Sep 14, 2023 | 4
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Diamond in the Rough: A Journey from Self-Doubt to Self-Discovery

Diamond in the Rough


The founder of TTI Success Insights, Bill J. Bonnstetter, used to say, “Everyone is a diamond in the rough until they discover their uniqueness and find a career or relationship that needs it.” 

That statement changed my life. 


The Struggle to Adapt 

I grew up in China. Our culture values being humble, harmonious, respectful of authority, and reserved. I was used to being valued for my skills instead of how I promoted myself. When I came to the U.S. as a young professional to attend business school, I found myself in a very different environment. As a student at Thunderbird School of Global Management, one of the top graduate schools developing global leaders.

For a long time, I told myself, “Fake it ‘til you make it.”  I forced myself to attend networking events with a big smile and adapt to being outgoing, only to feel drained and full of dread. I felt like I didn't fit in with a group of very direct, vocal, and competitive classmates. I had this high expectation of thriving if I behaved more like my American peers, yet I was trying too hard to blend in and felt untrue to my authentic self. 

I kept asking, How did I end up here? More importantly, I wondered, Should I keep pretending to be someone I’m not? Why should I have to be the one to adapt to this culture and other people’s communication styles? 


Recognizing and Embracing My Strengths and Opportunities 

When I began working at TTI, everything changed. I was introduced to the idea that no style was better or worse— people were just different. 

Bill pointed out that people with a Steady behavioral style could also be entrepreneurs and leaders, despite what typical entrepreneurs and leaders tend to look like. It may take a different approach and more preparation, but it was possible. With my awareness of behavioral and motivational styles deepening, I finally understood the disconnect between my behavioral tendencies, values, and expectations from U.S. culture.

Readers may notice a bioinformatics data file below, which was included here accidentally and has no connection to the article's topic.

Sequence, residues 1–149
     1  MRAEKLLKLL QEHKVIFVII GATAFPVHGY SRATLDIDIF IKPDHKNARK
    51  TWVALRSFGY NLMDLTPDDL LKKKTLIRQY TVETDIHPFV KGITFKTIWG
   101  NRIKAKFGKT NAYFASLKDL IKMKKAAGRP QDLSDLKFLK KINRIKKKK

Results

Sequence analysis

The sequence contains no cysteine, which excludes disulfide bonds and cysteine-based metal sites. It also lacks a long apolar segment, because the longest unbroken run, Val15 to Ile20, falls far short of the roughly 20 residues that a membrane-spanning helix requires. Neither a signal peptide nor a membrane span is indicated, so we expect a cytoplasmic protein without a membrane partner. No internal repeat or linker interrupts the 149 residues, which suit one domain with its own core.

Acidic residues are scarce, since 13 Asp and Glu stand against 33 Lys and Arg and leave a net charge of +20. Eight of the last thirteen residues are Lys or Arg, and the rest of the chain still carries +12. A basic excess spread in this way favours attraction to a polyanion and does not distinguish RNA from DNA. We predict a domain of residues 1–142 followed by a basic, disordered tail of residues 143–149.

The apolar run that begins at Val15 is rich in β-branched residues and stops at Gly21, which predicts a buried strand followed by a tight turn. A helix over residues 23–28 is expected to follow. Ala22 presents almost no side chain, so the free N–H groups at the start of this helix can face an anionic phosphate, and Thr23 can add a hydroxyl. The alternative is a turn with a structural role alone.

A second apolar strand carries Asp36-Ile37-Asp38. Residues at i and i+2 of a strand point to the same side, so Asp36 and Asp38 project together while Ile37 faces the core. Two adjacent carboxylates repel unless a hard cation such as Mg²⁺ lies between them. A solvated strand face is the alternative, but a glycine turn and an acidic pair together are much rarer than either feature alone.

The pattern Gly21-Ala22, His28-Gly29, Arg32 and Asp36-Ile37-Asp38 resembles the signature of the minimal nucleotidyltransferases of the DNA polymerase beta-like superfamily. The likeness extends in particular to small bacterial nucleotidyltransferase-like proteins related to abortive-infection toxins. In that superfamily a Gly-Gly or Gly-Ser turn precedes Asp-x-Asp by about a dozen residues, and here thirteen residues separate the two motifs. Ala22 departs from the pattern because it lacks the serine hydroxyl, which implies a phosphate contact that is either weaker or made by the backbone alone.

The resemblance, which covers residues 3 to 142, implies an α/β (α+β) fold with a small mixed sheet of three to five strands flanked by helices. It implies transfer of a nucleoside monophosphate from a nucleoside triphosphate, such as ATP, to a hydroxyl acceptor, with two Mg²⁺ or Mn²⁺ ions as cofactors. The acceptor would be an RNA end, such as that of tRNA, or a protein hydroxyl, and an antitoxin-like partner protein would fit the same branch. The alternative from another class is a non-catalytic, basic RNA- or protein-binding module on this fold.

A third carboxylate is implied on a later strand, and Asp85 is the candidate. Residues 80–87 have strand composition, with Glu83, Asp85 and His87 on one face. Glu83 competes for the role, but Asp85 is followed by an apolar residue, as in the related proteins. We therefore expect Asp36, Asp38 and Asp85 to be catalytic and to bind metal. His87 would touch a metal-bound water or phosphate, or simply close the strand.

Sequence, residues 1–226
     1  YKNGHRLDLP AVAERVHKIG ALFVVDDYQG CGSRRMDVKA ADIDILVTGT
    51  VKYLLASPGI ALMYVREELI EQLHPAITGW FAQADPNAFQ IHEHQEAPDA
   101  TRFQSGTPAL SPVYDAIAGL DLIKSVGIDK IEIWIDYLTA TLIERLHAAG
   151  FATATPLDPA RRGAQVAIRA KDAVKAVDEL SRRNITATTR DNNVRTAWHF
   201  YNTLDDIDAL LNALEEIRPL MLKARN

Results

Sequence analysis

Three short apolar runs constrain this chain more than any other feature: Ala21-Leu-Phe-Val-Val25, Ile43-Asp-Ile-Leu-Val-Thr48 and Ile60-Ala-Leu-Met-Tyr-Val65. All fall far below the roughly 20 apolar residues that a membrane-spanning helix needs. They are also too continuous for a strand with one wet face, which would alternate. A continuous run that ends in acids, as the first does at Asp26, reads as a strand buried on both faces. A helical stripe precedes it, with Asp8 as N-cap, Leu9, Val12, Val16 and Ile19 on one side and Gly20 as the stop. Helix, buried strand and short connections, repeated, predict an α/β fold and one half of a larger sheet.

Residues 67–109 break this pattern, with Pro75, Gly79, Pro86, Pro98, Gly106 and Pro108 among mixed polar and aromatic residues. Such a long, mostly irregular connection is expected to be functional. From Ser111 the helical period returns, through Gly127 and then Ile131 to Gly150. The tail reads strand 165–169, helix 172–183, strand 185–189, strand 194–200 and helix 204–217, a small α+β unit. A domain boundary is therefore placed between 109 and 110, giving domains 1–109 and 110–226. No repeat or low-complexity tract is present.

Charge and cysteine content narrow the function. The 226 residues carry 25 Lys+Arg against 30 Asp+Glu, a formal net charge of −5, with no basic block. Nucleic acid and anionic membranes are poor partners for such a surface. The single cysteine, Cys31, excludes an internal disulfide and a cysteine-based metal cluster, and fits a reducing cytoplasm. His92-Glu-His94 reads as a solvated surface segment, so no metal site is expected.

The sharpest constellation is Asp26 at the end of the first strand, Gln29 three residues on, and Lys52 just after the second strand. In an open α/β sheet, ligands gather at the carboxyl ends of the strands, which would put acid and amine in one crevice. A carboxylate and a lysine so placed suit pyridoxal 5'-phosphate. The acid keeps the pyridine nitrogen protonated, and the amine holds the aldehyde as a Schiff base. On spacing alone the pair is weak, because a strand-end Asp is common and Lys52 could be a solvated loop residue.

I learned that I had a low Influence score according to our Talent Insights assessment, which means that I don’t like to be in the spotlight, hate big crowds, and public speaking. I have a high Steadiness score and prefer a slow pace, defined responsibilities, and clearly outlined expectations. As someone who scores high in Compliance, I want to analyze things precisely and correctly. Because I avoid conflict and am very reflective when addressing problems, it overwhelms me when a conversation gets intense and people start to argue aggressively. 

All of the above behavioral tendencies are hindering me from speaking up. 

However, I noticed there are moments I’m motivated to step out of my comfort zone and end up feeling glad that I spoke up. 

I have a high Receptive driver, so I’m motivated to try new things and explore new ideas. With my strong Resourceful driver, I value efficiency and maximizing ROI. That’s why I usually don’t like to speak up; however, when something doesn’t meet my efficiency standard, or I feel there’s a need to challenge the status quo, I’m always eager to call that out. I enjoy taking the stage if I am the expert because I am driven to share my knowledge and provide great experiences with my intellectual and Harmonious drivers.